I disagree with the this trend. A good real estate broker sells enough houses to repeatedly come upon incarnations of various problems with taxes issues, easements and encroachments, mold or sewer scope concerns, for example.  A seasoned real estate broker has past experiences with local professionals, many of whom have performed well for similar problems in the past.

Unless the real estate broker refers the contractor in bad faith, or does not use reasonable care in the referral, the duty is on the referred vender to fulfill his obligations to the client.  A real estate broker is more than a chauffeur. It is part of my job to be a resource to clients, and to pass those trusted names on to clients who may need more arcane advice.

A real estate transaction needs to be transparent. The buyer and seller need to go into the transaction eyes open, knowing all the risks of the transaction including the range of value of the home, the terms of the loan, and the condition of the property.  The more people to help with this the better.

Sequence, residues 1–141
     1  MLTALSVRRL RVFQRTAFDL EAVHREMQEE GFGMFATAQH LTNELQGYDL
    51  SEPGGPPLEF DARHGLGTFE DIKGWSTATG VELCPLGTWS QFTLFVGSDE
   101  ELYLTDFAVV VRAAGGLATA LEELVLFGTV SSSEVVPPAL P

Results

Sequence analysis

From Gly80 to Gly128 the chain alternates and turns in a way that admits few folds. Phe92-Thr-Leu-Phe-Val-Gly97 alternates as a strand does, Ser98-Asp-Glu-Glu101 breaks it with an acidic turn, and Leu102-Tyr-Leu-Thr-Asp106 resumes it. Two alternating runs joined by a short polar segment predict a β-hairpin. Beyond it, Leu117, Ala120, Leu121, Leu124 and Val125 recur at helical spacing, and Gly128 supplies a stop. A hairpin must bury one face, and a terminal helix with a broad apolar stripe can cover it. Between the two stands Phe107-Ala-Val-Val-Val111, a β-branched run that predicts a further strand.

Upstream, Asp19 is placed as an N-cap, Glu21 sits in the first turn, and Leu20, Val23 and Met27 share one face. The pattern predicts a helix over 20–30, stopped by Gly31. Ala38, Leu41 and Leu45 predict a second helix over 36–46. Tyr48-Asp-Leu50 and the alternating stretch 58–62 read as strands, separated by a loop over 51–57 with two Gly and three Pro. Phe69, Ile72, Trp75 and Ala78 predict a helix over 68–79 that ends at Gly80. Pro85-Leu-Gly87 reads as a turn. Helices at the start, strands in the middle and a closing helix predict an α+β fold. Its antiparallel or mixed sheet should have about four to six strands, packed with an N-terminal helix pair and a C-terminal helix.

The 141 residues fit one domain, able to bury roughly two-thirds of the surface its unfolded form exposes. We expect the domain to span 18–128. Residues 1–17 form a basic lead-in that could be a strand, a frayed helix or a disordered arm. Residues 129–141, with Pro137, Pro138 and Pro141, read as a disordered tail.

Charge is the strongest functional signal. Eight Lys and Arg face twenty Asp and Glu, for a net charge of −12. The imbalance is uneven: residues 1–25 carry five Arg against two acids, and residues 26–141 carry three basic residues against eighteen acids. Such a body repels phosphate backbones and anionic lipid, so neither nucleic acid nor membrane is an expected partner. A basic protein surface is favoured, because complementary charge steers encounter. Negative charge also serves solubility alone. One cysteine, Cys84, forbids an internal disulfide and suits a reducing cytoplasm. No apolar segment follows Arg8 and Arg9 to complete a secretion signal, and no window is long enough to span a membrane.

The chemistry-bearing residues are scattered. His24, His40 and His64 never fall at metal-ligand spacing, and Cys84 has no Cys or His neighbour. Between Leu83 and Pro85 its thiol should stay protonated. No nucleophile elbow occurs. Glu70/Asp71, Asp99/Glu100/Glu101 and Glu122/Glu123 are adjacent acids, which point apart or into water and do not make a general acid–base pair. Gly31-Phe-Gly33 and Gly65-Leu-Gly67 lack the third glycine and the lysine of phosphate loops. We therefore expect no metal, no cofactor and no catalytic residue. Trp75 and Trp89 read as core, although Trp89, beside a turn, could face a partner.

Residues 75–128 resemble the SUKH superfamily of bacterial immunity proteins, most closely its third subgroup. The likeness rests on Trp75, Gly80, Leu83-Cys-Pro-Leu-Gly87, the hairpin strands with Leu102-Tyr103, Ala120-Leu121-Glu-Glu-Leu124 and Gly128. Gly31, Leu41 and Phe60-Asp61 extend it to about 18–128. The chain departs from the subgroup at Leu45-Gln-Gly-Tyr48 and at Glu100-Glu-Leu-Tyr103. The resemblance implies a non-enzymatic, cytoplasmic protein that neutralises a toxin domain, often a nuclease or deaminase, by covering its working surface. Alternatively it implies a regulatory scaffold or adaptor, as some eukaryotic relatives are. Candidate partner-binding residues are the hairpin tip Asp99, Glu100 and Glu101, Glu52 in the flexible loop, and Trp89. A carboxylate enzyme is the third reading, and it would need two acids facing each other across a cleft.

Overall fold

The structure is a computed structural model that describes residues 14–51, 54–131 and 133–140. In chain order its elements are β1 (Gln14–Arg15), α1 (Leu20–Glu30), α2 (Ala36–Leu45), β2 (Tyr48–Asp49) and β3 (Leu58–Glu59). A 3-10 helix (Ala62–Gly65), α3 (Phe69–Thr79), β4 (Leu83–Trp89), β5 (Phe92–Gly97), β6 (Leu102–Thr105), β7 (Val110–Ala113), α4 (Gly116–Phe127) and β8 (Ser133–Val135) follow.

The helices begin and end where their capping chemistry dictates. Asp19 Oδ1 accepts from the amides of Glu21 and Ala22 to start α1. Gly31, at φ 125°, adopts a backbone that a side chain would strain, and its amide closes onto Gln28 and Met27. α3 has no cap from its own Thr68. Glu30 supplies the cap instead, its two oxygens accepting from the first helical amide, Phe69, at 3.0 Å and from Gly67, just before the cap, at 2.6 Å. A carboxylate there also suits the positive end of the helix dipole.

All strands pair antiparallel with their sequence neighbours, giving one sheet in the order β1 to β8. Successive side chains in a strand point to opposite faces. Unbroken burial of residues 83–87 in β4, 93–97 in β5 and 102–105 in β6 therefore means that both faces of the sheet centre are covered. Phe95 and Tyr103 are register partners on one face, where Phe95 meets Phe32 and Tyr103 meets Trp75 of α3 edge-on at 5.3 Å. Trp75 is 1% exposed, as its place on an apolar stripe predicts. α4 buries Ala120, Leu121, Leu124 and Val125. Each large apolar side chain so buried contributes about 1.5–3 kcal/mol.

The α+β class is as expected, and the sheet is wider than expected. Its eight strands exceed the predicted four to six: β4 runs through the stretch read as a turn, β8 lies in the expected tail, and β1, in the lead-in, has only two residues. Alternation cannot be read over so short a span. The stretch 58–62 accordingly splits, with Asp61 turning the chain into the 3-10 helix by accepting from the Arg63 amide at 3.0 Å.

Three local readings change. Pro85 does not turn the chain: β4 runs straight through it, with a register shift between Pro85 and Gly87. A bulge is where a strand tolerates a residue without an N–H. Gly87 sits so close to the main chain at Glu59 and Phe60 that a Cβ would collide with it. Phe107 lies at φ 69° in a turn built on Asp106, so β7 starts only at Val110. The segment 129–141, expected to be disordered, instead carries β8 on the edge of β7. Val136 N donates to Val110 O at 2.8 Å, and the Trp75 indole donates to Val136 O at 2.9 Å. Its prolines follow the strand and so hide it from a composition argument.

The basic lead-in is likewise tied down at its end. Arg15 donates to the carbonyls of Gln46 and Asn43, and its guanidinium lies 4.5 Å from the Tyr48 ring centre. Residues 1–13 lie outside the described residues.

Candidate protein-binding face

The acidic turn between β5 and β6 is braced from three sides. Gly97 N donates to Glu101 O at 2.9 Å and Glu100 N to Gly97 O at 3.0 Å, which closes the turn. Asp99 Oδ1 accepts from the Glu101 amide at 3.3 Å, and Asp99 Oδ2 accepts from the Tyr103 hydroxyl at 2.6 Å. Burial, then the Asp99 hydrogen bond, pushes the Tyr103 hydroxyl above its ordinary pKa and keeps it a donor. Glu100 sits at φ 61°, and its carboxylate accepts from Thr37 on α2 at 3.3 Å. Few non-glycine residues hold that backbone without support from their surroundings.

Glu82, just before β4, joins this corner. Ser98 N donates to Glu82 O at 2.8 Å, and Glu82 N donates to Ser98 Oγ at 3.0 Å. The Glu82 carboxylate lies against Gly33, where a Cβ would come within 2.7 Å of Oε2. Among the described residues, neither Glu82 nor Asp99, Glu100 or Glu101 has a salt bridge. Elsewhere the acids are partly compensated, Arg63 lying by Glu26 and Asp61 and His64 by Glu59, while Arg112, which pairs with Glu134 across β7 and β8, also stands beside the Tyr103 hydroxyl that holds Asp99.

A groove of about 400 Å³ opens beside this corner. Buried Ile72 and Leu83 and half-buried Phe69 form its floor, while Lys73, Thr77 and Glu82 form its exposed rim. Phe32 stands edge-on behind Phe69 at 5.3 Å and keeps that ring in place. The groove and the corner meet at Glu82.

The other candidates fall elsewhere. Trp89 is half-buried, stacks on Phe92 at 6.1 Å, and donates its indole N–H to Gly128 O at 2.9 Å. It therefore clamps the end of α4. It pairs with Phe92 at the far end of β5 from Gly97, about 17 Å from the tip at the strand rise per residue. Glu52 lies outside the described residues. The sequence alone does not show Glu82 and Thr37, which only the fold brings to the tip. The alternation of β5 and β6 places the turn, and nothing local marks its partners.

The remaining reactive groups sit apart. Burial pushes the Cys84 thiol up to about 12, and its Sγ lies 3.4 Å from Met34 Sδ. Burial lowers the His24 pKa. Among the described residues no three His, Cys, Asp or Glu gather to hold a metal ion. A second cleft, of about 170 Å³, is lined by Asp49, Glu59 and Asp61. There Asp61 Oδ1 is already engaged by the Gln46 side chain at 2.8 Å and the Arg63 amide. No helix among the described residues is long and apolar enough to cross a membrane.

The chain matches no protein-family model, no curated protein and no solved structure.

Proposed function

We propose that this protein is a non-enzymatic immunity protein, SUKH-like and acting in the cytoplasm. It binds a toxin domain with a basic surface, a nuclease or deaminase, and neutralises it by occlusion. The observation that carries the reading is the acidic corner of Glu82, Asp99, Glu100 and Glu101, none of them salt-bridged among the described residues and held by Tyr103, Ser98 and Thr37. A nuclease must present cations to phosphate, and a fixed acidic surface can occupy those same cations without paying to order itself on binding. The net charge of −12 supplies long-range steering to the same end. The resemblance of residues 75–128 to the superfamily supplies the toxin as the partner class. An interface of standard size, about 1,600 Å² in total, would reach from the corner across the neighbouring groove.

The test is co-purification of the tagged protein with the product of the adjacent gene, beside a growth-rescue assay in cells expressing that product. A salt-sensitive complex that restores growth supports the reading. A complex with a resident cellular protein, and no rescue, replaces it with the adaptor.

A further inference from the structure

And of course, as with any financial transaction, every material financial term for the transaction needs to be fully disclosed on the settlement statement or the HUD.

My Legal Opinion

Real Estate Lawyer and Family Law Lawyer Blog (Vol I.1)

by Craig Franklin Chambers, Esq. The Littleton Lawyer.

Many of my real estate and law clients have called me or e-mailed me and asked me why I didn’t have a blog. After considering the idea, I have redesigned my website to include one. This is my first entry. My subject is, naturally, the purpose of my blog.

The advisors  I have spoken to–and it is important in any field, especially real estate or law–to have knowledgeable and competent advisors— approved of the idea of blog with a few caveats. They came up with several guidelines.

Don’t write the blog yourself, they chimed;  don’t use real names; and don’t give opinions. Their idea of the blog is to write neutral content.  Not even to write it, but to purchase it from another source and publish it on their website. I looked at some other websites, and sure enough, most of the lawyers did not even write their own blogs.